According to a study from the University of Rochester, couples benefited from watching relationship-based movies together and then discussing the films afterwards. They were found to be less likely to separate or to divorce. The study also claims that one session of romantic film viewing was as effective as at least two marriage counseling sessions.
One of the cons of couples therapy is how expensive it can be.
174 couples were divided into three groups, namely conflict management, compassion and acceptance training, and the movie exercise.
Those in the conflict management group were taught a skill called “active listening”, which requires one of the partners to paraphrase what the other spouse is saying during heated arguments. The technique aims to ensure that both understand what the other is trying to say.
Those in the “compassion and acceptance training” group were asked to treat their spouse like a friend and to practice random gestures of affection and kindness.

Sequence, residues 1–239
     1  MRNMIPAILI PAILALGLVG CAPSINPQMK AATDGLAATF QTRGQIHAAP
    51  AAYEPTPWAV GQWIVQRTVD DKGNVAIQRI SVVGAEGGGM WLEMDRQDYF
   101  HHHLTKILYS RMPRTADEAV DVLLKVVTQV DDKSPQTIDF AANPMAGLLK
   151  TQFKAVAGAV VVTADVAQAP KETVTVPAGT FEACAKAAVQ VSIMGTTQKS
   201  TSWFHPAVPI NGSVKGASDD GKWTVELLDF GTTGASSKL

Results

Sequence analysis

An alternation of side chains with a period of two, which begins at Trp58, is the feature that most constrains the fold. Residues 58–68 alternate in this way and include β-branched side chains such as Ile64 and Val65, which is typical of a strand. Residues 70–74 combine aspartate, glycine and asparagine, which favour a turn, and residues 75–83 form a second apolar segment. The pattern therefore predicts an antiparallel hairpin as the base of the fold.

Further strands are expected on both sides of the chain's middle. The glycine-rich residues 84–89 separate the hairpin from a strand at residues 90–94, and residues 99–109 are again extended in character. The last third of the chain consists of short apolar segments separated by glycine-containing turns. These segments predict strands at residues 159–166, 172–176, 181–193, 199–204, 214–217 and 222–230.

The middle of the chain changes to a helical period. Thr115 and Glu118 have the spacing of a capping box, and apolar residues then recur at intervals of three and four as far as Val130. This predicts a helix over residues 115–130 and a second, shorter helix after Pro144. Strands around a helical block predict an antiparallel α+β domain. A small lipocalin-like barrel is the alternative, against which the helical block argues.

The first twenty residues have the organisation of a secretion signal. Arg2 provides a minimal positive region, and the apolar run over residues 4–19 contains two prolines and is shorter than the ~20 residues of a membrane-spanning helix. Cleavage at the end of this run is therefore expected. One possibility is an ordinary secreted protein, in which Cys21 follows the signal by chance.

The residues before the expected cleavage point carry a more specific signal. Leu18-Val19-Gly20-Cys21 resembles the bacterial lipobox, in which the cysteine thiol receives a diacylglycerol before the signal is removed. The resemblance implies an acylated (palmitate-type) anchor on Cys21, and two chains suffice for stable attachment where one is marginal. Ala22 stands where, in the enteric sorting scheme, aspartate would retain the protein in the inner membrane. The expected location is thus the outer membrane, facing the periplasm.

For the group watching movies, they were first given a 10-minute lecture on “relationship awareness”, and then given a list of 47 movies to watch at least once a week each month, and then discussing the main points in the film, finding the connection to their own marriages. Some of the listed movies included “Couples Retreat” or “Date Night”, as the researchers considered these to show more of how couples work through issues together, rather than more popular love stories such as “Sleepless in Seattle” or “When Harry Met Sally”.
“A movie is a non-threatening way to get the conversation started,” explains Ronald D. Rogge, lead author of the study and associate professor of psychology at the University of Rochester. “It’s really exciting because it makes it so much easier to reach out to couples and help them strengthen their relationship on a wide scale.”
All methods for the three groups were found to be effective in slicing the incidences of divorce from 24 percent in the control group, to 11 percent. Those in the control group did not receive any form of intervention.
“Taking time to sit down and take an objective look at your relationship with your partner is going to be helpful for any couple at any stage,” added Rogge. “They can make it a yearly thing they do around their anniversary—watch a movie together and talk about it. That would be a fantastic thing to do and a great present to give themselves each year.”